Solstice Visuals

Entertainment for the creative mind.

Posts tagged with 'social networking'.

"Other" Facebook Messages

I was browsing my newsfeed today like usual and I heard someone mention that we had 'other' messages. Facebook does not give you notifications for this, nor does it pop up and show you how many you have. Yet, there are important messages that are being deployed to only THAT inbox. 

I laughed and said, that’s stupid, who wouldn’t know that we are getting messaged? Then I clicked on this ‘other’ inbox, right under my regular one, and to my horror I found hundreds of unread and unanswered e-mails, some of which were from people who wanted to do business. 

This picture should explain itself. 

I figured that if I didn’t know about this, chances are this will help someone out. 

Spread the word. 

Helping Your Facebook Images Look Better

December 18th, 2011 Timeline Update

Due to Facebook’s recent Timeline overhaul, the best ‘size’ for your banner is 851px X 315px

Furthermore, Facebook also has expanded the size of regular images as well. The best size now is 960 on the longest end for optimal quality. So please keep that in mind as you read on further. 

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Original Article:

This article is written by photographer Christos Sewell. I get so many questions that I felt it would help many others as well, in regards to helping your facebook images look the best they can “and minimize the damage that FaceBook’s compression program uses to DEGRADE uploaded images”.

 Most people are unaware of the reason’s why images tend to look so poorly after they are uploaded to Facebook. This is mainly do to the RESIZING and the COMPRESSION algorithms done behind the scenes after you uploaded your images.

This note is mainly for people OTHER than bathroom-mirror cell phone camera addicts and raise-your-glass-at-the-night-club aficionados.

A lot of photographers ask me how my images still look sharp and clear on FaceBook. So… I am addressing those PHOTOGRAPHERS and ARTISTS…who work so hard on their images only to see the sharpness, color and clarity get diminished before their very eyes. As a fashion & beauty photographer, nothing gets on my nerves more than seeing hard work destroyed.

Ok, let’s get on with it.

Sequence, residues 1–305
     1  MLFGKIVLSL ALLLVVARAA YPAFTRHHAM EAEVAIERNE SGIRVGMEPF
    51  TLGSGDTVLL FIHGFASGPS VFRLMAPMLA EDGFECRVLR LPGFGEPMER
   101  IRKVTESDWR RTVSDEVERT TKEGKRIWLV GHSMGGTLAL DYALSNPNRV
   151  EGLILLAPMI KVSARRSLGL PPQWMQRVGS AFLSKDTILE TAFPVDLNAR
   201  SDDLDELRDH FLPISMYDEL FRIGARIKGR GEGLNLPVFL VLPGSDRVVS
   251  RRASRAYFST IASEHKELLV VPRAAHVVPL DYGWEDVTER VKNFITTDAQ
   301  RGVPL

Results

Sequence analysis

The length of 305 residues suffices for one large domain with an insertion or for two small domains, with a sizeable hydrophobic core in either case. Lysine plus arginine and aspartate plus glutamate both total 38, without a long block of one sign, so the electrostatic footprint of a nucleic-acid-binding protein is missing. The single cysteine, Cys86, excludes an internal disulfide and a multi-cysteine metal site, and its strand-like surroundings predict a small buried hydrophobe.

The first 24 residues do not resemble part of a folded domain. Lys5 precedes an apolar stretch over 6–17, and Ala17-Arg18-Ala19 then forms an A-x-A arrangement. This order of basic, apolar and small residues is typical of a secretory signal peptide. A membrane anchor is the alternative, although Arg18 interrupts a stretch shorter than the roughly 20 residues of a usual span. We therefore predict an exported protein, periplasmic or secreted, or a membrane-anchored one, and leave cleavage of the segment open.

1. RESIZING:

The image should not be any larger than 720 pixels on the LONGEST side (horizontal or vertical). Anything larger and it will be RESIZED automatically. This is main reason why images come out bad. So then… Resize the image so it does not exceed the 720x720 boundary box FaceBook gives you.

2. SHARPENING:

For those of you using Photoshop, use “Smart Sharpen” instead of the other Sharpen options. (For a 720 pixel file…. The settings of 60% at .3 radius should be fine, if you desire more sharpness, Smart Sharpen AGAIN instead of raising the setting values.

3. EXPORTING:

Instead of exporting your images as .jpg files, use 24-bit .png files instead! Why? Because… Facebook will tinker with your file no matter what, but you still want to start out with the best quality file to upload. If you upload a .jpg file (a file which was already “compressed”), Facebook will compress it AGAIN. So basically, you are getting hosed twice before the public views it. Uploading a .png file (24-bit, NOT 8-bit) will ensure the best possible file to begin with. This .png file is not compressed like a .jpg file is so it only gets compressed once by Facebook.

4. UPLOAD:

Just like I said, upload. Duh. :)

Hopefully, this will help some of you.

Christos
Fashion & Beauty Photographer
www.imagebychristos.com

P.S. One last thing. If you choose to “Download” an image from Facebook, this file has been compressed. If you RE-upload it to your gallery, it will be compressed AGAIN. With each compression, quality is lost.

P.S.S Also be aware that when you create a “Profile Picture” from one of your uploaded image. That too, get’s a second dose of Facebook Compression. This is unfortunate.